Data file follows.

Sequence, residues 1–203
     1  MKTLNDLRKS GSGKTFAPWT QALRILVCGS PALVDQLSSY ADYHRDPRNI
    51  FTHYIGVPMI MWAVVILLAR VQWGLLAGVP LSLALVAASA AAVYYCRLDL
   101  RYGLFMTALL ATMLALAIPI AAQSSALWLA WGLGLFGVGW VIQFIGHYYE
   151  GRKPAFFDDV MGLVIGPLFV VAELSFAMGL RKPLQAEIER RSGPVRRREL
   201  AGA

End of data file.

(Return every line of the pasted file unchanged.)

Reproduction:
Sequence, residues 1–203
     1  MKTLNDLRKS GSGKTFAPWT QALRILVCGS PALVDQLSSY ADYHRDPRNI
    51  FTHYIGVPMI MWAVVILLAR VQWGLLAGVP LSLALVAASA AAVYYCRLDL
   101  RYGLFMTALL ATMLALAIPI AAQSSALWLA WGLGLFGVGW VIQFIGHYYE
   151  GRKPAFFDDV MGLVIGPLFV VAELSFAMGL RKPLQAEIER RSGPVRRREL
   201  AGA